Tuesday, April 19, 2005

Thank you note from Sarah Bizzu

Many from Memorial Drive Church gave money to help Sarah Bizzu, a very bright and talented 17 year old AIDS orphan at the Jinja Church, so that she could continue her high school education in Uganda. (See March 2nd post for more of her story) Enough money was raised to keep her in school the entire year. Her thank you note to all of you is below.

Well, I give my gratitude to you and all your church mates. Thanks to God who has kept you guys over those ends. Send my warm greetings to all those there.

I have two sisters and a brother and I have a foster sister called Edith. My real sisters are Ritah and Phiona and my brother is called Jonathan. They live in an orphanage in another district which neighbours the district I live in with my foster parents. I'm the first born.

Well, about my interests, I like volleyball, singing, dancing, making friends, chatting, reading novels and watching movies. I have no boyfriend, it's quite destructive in Uganda. The movies I like are Lords of the Ring, Parent Trap, Mickey Blue Eyes, Preachers Wife. I like Whitney Houston's songs.

I am 17 years and my birthday is 16th of September. Greetings one more time to you and your church mates.

I thank you alot for your donations.

I love you so much. God bless you alot.



Wednesday, April 13, 2005

Wasting Time

How do you spend your time?

Last month Wade Hodges preached at Memorial asking this question. He encouraged us to go against our culture and feel free to "waste time" in God appropriate ways. Spend time with your spouse, your children, your grandma, and your small group. Most importantly spend time with God. It may not be productive in our world's eyes or in a financial sense but we desperately need to just waste time more in these ways.

I'm trying to take this advice to heart. Last Saturday Easton, my 6 year old, and I wasted time playing chickenfoot (dominoes) with my Aunt Becky, Aunt Jessie and my 94 year old Grandma D (who beat me soundly!). Then we wasted time with my Mom and step-Dad over dinner. I delighted watching Easton waste time reading books with his Grandma who loves him so much. This week it is on my agenda to waste more time with my wife and with my four year old, Tyler. We have a park date this weekend just the two of us.

All of this reminds me of my African friends as well. Their culture is more friendly towards wasting time and is why I believe their relationships and communities (families, villages, etc) are so strong. Of course, wasting time can be taken to an extreme and I know many Africans who could stand a small dose of Americanism so they can be more productive. But many of my African friends do work hard - they just tend to work hard at chores we never have to think about. Chores like walking long distances to carry unclean drinking water for their families and then having to boil it. Another time killer is dealing with sicknesses that are easily treatable. This kills potential productivity and wastes their time.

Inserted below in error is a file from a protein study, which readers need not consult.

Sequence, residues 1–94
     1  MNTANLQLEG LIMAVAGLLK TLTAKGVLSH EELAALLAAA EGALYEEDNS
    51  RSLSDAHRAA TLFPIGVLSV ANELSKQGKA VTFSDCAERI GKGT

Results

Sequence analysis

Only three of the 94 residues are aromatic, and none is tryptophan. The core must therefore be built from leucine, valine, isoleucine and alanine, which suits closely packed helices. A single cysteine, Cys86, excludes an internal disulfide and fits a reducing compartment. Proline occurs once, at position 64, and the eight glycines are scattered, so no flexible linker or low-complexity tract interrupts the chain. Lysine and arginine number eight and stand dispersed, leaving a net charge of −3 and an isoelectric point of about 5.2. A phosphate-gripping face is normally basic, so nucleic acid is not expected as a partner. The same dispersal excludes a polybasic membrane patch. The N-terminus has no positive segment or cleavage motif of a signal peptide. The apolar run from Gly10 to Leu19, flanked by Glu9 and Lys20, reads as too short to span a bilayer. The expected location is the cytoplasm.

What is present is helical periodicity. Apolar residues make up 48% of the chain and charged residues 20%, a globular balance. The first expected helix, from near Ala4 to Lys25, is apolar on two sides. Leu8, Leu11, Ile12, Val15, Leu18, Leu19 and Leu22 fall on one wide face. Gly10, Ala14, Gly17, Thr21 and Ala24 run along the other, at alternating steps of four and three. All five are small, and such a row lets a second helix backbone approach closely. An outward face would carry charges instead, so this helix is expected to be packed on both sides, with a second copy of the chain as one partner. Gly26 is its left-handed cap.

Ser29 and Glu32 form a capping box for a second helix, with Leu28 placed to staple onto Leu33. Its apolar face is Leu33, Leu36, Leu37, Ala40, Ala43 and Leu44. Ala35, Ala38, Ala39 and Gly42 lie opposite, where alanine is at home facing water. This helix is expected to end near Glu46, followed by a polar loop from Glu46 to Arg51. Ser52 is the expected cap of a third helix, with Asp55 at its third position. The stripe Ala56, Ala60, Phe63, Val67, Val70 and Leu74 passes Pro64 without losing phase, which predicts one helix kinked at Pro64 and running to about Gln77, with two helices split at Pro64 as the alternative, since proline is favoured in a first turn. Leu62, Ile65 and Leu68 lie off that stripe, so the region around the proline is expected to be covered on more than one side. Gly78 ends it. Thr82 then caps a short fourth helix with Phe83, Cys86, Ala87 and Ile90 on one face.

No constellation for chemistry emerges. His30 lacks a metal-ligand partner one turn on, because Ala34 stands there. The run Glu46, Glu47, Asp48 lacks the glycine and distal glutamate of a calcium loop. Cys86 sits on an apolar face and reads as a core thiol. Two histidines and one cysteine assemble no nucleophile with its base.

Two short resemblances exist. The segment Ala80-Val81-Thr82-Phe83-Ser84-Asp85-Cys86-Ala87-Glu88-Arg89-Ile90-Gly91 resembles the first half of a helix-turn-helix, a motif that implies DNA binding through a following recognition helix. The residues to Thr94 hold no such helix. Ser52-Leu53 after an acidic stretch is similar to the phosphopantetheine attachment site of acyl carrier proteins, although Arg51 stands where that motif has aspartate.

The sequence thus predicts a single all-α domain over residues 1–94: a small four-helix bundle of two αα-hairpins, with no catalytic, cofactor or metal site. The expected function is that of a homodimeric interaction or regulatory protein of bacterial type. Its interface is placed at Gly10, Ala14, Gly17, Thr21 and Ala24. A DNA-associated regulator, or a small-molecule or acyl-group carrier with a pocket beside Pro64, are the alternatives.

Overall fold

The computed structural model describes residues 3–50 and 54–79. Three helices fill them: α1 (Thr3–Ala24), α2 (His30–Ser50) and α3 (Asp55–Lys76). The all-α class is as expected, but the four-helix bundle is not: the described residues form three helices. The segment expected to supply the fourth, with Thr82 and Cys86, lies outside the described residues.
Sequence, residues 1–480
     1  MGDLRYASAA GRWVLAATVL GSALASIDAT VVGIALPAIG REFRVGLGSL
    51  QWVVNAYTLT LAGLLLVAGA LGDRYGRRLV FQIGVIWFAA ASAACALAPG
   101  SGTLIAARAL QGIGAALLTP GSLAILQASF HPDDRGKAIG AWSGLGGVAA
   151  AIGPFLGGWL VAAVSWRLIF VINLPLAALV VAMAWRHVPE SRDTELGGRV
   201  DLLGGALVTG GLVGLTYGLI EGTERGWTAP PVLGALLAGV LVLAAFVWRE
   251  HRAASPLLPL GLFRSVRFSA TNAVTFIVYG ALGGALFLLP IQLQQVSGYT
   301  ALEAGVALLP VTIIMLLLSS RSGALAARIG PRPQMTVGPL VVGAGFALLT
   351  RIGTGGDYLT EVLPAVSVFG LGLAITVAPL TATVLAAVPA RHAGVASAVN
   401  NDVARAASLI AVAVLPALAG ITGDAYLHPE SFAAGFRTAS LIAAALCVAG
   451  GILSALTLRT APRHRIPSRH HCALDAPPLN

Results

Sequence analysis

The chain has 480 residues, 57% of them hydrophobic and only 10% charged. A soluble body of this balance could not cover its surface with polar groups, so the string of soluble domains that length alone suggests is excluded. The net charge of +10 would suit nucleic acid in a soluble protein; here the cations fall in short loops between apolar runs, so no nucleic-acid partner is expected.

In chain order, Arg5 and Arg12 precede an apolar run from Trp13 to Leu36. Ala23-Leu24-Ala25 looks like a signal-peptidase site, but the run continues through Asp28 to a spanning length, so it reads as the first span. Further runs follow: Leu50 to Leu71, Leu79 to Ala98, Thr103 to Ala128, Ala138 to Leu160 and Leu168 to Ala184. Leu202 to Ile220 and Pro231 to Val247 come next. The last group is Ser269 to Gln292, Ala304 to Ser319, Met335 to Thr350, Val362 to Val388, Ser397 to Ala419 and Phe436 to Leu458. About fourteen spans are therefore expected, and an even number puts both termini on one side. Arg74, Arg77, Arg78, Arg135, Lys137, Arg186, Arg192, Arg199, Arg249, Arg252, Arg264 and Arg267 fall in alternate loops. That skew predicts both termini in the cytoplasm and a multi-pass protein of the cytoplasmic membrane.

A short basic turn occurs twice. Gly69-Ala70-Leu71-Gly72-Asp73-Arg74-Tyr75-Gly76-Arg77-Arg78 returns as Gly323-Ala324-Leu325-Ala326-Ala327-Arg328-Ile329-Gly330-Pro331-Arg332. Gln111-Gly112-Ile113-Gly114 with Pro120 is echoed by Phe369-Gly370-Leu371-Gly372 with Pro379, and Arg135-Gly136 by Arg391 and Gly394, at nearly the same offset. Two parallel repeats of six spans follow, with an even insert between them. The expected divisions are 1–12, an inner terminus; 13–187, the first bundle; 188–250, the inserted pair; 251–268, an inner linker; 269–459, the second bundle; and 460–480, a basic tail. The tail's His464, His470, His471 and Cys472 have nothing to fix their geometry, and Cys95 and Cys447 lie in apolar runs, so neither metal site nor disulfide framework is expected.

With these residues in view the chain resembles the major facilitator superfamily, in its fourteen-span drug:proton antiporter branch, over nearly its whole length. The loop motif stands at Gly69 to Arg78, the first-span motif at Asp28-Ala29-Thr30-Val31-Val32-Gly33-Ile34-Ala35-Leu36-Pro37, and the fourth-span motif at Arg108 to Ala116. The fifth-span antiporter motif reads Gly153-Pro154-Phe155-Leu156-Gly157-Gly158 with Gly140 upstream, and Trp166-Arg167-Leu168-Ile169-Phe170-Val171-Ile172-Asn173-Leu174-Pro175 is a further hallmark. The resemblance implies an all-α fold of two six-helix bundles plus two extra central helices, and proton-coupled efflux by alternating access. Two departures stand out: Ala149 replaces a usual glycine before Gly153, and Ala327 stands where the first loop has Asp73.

We need more balance and justice here. We Americans need to learn how to waste time better with God and our family and friends. We need to sit at the feet of Jesus more. I'm convinced that when we do we will become more convicted to help Africans and other poor people across the world so they don't have to waste their time in extreme poverty.

Tuesday, April 05, 2005

Raising our Children For Service Or Privilege?

Words from Richard Foster's Freedom of Simplicity that make me wrestle with my every day Christian walk and how I raise my three awesome children:

"One specific means of identification with the poor is discovered in our approach to education. Do we see a college education, for example, as a ticket to privilege or as a training for service to the needy? What do we teach our teenagers in this matter? Do we urge them to enter college because it will better equip them to serve? Or do we try to bribe them with promises of future status and salary increases? No wonder they graduate more deeply concerned about their standard of living than about suffering humanity.

As we seek to follow in the steps of Jesus, we will be drawn to identify with the poor. As we do, perhaps a valuable question to keep before us is whether we are as willing to evaluate our living standards by the needs of the poor as we are by the lifestyle of our neighbors."